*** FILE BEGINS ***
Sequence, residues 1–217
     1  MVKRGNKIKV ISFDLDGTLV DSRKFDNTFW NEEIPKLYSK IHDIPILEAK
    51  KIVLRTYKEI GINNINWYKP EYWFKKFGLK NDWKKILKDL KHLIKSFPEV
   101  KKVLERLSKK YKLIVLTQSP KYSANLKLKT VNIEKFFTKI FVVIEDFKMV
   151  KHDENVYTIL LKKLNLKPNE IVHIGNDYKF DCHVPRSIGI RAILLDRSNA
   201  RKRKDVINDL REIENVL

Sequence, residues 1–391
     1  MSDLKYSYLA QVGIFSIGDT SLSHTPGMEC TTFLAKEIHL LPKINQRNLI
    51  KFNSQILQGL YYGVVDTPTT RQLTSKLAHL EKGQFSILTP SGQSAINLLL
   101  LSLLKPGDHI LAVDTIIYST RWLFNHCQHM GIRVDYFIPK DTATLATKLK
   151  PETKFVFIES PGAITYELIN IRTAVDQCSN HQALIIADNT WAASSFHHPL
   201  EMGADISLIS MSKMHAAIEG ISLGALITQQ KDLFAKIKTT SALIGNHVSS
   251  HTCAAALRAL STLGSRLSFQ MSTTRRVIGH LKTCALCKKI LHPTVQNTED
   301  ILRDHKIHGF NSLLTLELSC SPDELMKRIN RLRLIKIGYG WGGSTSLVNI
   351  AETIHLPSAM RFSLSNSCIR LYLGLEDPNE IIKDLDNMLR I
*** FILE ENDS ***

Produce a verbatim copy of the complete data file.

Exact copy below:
Sequence, residues 1–217
     1  MVKRGNKIKV ISFDLDGTLV DSRKFDNTFW NEEIPKLYSK IHDIPILEAK
    51  KIVLRTYKEI GINNINWYKP EYWFKKFGLK NDWKKILKDL KHLIKSFPEV
   101  KKVLERLSKK YKLIVLTQSP KYSANLKLKT VNIEKFFTKI FVVIEDFKMV
   151  KHDENVYTIL LKKLNLKPNE IVHIGNDYKF DCHVPRSIGI RAILLDRSNA
   201  RKRKDVINDL REIENVL

Sequence, residues 1–391
     1  MSDLKYSYLA QVGIFSIGDT SLSHTPGMEC TTFLAKEIHL LPKINQRNLI
    51  KFNSQILQGL YYGVVDTPTT RQLTSKLAHL EKGQFSILTP SGQSAINLLL
   101  LSLLKPGDHI LAVDTIIYST RWLFNHCQHM GIRVDYFIPK DTATLATKLK
   151  PETKFVFIES PGAITYELIN IRTAVDQCSN HQALIIADNT WAASSFHHPL
   201  EMGADISLIS MSKMHAAIEG ISLGALITQQ KDLFAKIKTT SALIGNHVSS
   251  HTCAAALRAL STLGSRLSFQ MSTTRRVIGH LKTCALCKKI LHPTVQNTED
   301  ILRDHKIHGF NSLLTLELSC SPDELMKRIN RLRLIKIGYG WGGSTSLVNI
   351  AETIHLPSAM RFSLSNSCIR LYLGLEDPNE IIKDLDNMLR I